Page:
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5 Ways to Decrease your Waste when On the Go

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5 Ways to Decrease your Waste when On the Go

Modern life can be exhausting and busy! It is no wonder that our lifestyle has shifted towards prioritizing convenience and the higher waste living that comes along with convenience; there are so many things to always do, be, and acquire more of and not enough time in the day to make it happen. This is especially true for when we are out and about, going about those busier days. While we may have a stronger grasp on what and how to shift things to a lower waste model at home, it can be difficult to make it work on the fly. 

Here are a five ways to simplify approaching the low waste lifestyle when you're out and about, and decrease your impact this Earth Month!

1. The Reusable Mug (with a caveat!)

We've seen a significant shift away from plastic water bottle use in the last five years or so as reusables have taken hold. We have also watched infrastructure be put in place to support it with bottle refill stations and several institutions removing plastic single use water bottles for purchase completely. The next step in reducing the amount of single use items we consume for our beverages is with a reusable mug. More and more, businesses are offering this feature and even providing a cost savings or incentive for doing so beyond the health benefits this shift can provide.

There's an excessively high number of disposable cups that are tossed each day. Even if those cups are labelled and certified compostable, they might not ever end up as compost per se. If they end up in the garbage when we are out and about, they are going to take forever to degrade in a landfill (a 40 year old hot dog was found in a dump!). Landfills simply do not create favourable conditions for even degradable items to break down, as everything is compacted and starved for the air, moisture and organisms needed to break them down. This process also doesn't take into account the plastics needed for the lids of the disposable cups, and the processing and resources to generate all of that waste for the short period of time we use them for our drink. On top of all of this, there is some very concerning research being done on just what additional ingredients (microplastics!) you're ingesting once those disposable cups are filled with boiling and hot liquids. Switching to a reusable cup can be a health benefit, too.

Just like a reusable water bottle, this does take a bit of getting used to, but it can be done! I find if I can analyze key places to have a mug in place, I am more successful, as I don't generally carry a purse or a bag that I can stash a mug in. I keep a mug in my car and one at my workplace, and this makes it simple to grab if someone is going out to pick up drinks, if I'm at a drive through, or if an unplanned stop is being made. Getting the mug back in place seemed to be the difficult part, so I got used to washing the mug that stays at work after use and then placing my washed "car mug" in the spot where I keep reusable bags to go back out to my car in order to keep the habit going.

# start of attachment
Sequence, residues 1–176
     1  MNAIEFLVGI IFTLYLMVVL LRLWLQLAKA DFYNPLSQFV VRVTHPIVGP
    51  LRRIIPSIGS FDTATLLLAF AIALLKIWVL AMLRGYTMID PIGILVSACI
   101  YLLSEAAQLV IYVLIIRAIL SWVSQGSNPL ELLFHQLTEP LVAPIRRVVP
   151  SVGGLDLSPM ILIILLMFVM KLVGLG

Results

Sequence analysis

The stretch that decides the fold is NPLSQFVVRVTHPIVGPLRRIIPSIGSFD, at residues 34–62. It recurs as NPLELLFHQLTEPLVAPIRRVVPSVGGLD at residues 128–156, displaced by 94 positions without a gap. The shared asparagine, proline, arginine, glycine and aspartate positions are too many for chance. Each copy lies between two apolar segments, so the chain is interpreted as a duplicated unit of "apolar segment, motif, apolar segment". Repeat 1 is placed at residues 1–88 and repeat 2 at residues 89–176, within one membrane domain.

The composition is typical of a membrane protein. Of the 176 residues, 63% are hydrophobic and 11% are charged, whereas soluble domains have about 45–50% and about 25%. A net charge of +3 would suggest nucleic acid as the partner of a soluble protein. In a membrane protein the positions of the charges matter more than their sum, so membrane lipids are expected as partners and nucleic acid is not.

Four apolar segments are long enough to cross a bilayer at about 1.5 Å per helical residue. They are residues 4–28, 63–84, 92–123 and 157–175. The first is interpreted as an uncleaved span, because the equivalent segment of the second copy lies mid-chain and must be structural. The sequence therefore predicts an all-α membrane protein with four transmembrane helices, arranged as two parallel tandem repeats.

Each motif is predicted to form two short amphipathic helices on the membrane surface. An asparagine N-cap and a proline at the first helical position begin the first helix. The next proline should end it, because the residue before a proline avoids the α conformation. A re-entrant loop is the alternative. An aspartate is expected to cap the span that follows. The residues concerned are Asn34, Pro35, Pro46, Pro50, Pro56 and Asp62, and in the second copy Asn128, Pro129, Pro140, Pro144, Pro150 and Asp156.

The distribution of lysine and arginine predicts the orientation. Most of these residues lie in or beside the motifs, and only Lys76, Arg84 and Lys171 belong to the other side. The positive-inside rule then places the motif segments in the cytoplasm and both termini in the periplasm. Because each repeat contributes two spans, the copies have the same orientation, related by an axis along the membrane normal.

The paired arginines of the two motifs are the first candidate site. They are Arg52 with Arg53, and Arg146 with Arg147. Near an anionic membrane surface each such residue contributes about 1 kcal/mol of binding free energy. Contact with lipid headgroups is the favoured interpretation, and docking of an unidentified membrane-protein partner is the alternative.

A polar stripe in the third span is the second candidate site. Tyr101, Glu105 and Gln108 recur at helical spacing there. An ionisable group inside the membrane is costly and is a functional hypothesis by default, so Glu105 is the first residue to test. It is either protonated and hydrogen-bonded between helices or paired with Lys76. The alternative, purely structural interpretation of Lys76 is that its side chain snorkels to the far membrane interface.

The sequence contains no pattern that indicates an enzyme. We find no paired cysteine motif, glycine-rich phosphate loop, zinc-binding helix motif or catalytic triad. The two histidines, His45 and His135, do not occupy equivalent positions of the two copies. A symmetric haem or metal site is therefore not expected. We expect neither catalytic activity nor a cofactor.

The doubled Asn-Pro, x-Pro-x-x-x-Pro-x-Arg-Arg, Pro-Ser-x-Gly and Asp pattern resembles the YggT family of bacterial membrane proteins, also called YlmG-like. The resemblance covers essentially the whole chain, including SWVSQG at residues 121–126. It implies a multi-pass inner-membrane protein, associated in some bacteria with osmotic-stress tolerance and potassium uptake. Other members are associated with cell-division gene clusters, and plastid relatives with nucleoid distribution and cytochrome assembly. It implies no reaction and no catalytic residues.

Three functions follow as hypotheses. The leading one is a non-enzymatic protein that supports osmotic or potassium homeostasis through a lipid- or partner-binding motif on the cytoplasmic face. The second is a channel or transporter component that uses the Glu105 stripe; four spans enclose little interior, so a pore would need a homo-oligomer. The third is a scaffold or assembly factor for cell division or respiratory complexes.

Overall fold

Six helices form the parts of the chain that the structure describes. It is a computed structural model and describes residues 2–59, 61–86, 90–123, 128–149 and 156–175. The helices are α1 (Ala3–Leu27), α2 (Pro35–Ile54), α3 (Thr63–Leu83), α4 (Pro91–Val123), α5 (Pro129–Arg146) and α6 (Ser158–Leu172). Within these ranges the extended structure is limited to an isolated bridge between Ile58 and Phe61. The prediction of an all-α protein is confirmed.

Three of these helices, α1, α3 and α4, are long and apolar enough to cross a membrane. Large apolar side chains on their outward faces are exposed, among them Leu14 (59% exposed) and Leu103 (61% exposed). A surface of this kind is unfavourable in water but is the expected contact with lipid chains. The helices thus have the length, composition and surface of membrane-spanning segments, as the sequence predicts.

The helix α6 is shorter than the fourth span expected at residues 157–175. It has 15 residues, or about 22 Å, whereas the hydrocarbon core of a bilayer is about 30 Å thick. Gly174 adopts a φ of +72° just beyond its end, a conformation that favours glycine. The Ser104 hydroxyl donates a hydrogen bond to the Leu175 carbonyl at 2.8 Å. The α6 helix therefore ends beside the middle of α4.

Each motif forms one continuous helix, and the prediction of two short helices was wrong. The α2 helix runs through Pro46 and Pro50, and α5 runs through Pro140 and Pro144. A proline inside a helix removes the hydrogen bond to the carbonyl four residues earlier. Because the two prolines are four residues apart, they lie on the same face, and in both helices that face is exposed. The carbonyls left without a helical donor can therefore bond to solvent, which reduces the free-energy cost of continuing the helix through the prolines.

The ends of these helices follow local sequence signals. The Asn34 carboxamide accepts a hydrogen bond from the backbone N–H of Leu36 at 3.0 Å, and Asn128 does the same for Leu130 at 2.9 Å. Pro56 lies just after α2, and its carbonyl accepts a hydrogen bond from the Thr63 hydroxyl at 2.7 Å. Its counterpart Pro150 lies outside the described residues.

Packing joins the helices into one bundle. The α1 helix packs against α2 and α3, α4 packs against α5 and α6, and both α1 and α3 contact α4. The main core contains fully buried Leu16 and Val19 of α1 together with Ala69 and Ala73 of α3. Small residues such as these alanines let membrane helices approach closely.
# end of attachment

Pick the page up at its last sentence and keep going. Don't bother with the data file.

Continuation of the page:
One caveat of this shift is to ensure that you choose a reusable that works well for you long term, so that it actually ends up being less wasteful. Switching cups for new trends rather than using one cup long term is actually more impactful than sticking with the disposables. There are a number of "previously trendy" and good quality mugs at your local thrift shop; we've thrifted Klean Kanteen and Hydro Flask mugs in excellent condition for our extras in our home. If you're looking for a compact option for stashing, check out the cup brand StoJo.

2. Reusable Cutlery

This next swap is simple and effective! Stashing a set of reusable cutlery in your bag can help you refuse plastic single use cutlery when you're out and about. While you can invest in a pretty canvas utensil roll in our shop, you can also simply just use a set out of your own drawer at home or thrift some to avoid buying new. 

An extra tip for this swap is to wrap that cutlery up in a reusable beeswax wrap. The beeswax wrap can keep your items safe and clean in your bag prior to use, but also be used to wrap up some leftovers in a pinch when you're on the go!

3. The Cloth Wipe/Napkin/Hankie